(2007) Ted Nield, Granta, £18.99, hrdbk, 288pp, ISBN 978-1-862-0-79434
Supercontinent is a fascinating exploration of the longest planetary cycle, how it was elucidated and the people involved. In essence it is the story of the dance of continents across time. Anyone visiting Earth 250 millions of years ago would not see the outline of the continents as they are today but, aside from a few islands, one large supercontinent called Pangaea. 250 million years before that, continents were again fragmented across the planet. And so there is a cycle of supercontinent and fragmented continents driven by plate tectonic motion that lasts 500 million years (half a billion in new money). Indeed 250 million years hence the continents will once again be assembled into a new supercontinent. Given we know current tectonic movements and can guess likely future ones, it is possible to use a computer to model what this new supercontinent will look like. Though this last involves some guesswork, the idea is real and this supercontinent to come even has a name, 'novopangaea'. It is because this book looks forward as well as back in time that gives it the 10 billion years in its subtitle.
Ted Neild's Supercontinent also describes what Pangaea was like and how we know this. But it is the back story with which current knowledge is interweaved, of how our thinking about this area of science has evolved, that provides a valuable additional dimension. I never knew that Abraham Ortelius speculated that the shape of the west African coast and east South American coast had a causal similarity as far back as 1596. (Something I did at school and was roundly told off by my teacher for asking stupid questions.) Ortelius' musings were then filed in a library not to be rediscovered until 1994. (I wish my geography teacher had been lost filed in a library.)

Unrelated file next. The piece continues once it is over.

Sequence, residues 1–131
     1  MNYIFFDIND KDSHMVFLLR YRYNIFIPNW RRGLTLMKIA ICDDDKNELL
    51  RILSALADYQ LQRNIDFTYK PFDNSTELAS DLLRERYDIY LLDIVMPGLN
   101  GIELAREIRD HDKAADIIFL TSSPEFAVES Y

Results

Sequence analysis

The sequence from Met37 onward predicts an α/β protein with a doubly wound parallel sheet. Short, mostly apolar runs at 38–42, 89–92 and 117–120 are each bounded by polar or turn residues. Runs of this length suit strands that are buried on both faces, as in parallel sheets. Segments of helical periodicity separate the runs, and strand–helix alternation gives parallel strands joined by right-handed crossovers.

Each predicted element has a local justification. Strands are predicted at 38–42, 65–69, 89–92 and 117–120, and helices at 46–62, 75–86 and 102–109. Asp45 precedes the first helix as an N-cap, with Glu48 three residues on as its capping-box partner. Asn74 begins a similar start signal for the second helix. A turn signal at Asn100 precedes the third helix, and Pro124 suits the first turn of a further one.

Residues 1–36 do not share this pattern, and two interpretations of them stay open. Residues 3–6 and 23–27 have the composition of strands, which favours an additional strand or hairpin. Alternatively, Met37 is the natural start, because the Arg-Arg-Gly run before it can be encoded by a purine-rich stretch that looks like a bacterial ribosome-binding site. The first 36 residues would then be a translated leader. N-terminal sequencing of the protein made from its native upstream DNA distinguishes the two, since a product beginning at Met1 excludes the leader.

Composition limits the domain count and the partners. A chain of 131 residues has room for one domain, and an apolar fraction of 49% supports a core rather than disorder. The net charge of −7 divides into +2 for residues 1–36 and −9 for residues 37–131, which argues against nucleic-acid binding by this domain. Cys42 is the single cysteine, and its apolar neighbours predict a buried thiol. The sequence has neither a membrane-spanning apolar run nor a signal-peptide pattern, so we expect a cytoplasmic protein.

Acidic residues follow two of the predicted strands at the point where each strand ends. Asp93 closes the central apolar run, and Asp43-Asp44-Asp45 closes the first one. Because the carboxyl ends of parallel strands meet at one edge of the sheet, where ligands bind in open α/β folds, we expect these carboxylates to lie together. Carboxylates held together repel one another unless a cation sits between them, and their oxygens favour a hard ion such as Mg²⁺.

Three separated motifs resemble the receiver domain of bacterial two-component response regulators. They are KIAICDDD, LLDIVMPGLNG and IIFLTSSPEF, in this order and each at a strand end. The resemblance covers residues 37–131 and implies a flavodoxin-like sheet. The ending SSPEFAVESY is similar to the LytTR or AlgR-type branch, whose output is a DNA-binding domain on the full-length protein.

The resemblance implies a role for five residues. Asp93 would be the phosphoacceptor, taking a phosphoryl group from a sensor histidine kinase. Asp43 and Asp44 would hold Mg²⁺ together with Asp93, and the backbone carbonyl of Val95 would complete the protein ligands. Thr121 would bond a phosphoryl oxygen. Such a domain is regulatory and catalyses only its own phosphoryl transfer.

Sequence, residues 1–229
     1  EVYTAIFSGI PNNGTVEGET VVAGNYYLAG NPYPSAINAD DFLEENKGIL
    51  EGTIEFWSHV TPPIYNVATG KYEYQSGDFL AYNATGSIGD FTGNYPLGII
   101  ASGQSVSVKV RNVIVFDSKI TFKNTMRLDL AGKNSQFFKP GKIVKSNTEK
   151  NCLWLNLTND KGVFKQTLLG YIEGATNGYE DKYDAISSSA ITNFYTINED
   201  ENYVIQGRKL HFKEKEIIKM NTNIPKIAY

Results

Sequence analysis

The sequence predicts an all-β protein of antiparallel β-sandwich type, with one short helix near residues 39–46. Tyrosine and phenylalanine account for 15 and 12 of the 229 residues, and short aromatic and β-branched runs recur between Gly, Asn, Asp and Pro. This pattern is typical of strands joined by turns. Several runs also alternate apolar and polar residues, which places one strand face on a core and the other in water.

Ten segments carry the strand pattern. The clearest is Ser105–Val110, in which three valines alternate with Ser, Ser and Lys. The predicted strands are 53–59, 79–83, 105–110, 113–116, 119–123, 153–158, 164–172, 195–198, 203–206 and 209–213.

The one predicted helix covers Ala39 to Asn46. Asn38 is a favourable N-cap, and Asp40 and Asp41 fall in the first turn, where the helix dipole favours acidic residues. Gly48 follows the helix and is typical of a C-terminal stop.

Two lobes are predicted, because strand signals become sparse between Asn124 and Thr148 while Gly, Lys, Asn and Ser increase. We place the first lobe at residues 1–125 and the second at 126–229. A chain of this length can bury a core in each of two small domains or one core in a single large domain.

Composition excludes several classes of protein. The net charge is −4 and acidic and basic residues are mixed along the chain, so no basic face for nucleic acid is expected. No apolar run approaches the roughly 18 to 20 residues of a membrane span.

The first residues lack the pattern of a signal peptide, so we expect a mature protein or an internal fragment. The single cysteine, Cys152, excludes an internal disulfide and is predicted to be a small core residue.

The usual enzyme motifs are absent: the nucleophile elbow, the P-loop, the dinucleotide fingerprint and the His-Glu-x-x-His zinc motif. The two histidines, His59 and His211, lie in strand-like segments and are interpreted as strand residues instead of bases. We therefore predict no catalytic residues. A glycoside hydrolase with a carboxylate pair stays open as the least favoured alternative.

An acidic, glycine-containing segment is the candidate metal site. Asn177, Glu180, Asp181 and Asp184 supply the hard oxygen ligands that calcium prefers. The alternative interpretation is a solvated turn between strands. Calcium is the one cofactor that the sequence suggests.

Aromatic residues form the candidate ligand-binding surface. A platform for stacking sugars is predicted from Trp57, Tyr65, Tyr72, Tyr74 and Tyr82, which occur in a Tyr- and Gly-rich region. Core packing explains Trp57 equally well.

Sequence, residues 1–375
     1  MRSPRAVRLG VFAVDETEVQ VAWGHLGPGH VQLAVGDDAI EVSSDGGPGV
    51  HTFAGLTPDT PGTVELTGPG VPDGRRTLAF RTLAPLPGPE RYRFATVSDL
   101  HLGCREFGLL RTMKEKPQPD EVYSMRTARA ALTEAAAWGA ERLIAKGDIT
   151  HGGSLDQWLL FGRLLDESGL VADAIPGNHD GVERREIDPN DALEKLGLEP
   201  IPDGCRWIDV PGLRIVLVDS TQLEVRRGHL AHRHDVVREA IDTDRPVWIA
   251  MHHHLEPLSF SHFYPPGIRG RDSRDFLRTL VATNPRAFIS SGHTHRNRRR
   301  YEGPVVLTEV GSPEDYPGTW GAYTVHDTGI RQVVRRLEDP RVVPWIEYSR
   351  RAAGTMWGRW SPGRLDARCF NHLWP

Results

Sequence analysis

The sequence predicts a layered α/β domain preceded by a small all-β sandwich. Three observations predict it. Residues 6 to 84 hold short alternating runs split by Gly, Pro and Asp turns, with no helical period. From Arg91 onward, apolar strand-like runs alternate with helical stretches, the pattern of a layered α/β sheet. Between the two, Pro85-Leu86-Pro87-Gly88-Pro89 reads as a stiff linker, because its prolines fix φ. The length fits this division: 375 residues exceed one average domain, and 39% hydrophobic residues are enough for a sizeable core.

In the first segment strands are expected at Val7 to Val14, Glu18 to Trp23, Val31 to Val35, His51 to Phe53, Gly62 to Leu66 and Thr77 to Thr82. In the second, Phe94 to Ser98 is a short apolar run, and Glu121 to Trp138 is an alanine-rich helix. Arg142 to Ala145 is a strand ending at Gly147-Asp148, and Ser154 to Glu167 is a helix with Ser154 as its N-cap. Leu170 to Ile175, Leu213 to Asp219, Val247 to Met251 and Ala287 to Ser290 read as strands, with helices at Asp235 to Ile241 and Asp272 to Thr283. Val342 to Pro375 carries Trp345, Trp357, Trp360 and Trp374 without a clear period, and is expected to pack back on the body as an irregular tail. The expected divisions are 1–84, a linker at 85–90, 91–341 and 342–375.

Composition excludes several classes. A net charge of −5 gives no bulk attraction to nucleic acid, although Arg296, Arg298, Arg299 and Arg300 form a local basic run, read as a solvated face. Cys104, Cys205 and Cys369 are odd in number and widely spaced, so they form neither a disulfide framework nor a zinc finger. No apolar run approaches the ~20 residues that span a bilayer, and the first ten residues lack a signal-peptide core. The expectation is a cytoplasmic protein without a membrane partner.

Naturally, as a biologist who is into biosphere science I have a particular interest in this subject of the way the Earth works, though I must stress that this book is written in a very accessible and easy-to-digest style as those who regularly read Geoscientist magazine that Ted edits know. Ted has also has a couple of pieces elsewhere on this site (see science article index) so you can check this out for yourself. The subject of supercontinents and the continental cycle will not just interest general enjoyers of popular science but also those interested in alien worlds, hence some of you who regularly visit this site: the Earth scores of millions of years ago was quite alien in many respects to today's planet and also how can you begin to contemplate alien worlds if you do not even understand the basics of how our own one works. Supercontinent is a good quick guide to how geology has underpinned the evolution of our biosphere.
Before this turns into a gush fest -- by now you may be beginning to think that I rate this as a marvellous and scholarly work of science communication (I do) -- I should say that Ted, bless him, is coming at the subject from a geologist's perspective and this is probably because Ted is indeed a geologist. Conversely I come to geology through biosphere science and biology and so have a slightly different take on one aspect of this book. It does (correctly) note that there were key events resulting in a snowball world. It does speculate that these events may have spurred evolution. My personal take is that actually evolution (such as the evolution of eukaryotes 2.2 billion years ago or the rise 600 million years ago of metazoans (multicelled animals)) actually contributed to the onset of these events. Even the evolution of vascular land plants that helped cause the late Devonian glaciation and pave the way for the Carboniferous atmospheric hiatus affected the global climate. This last was in part explored in 1997 Royal Society discussion meeting (Phil Trans (B) v353, p1-171). Now my personal take does not detract from Ted's: we are talking about thinking at the cutting edge of research geology and palaeobiosphere science and there is room for a number of informed hypotheses. My personal difference does though illustrate that Ted is making, not just the history of geological science and thinking but, the latest thought accessible to a broad audience.
It is surely the common duty of every sentient being across the Galaxy to know how their planet works. For if not, how else are they going to look after it? Supercontinent: Ten Billion Years in the Life of our Planet provides the geological perspective.
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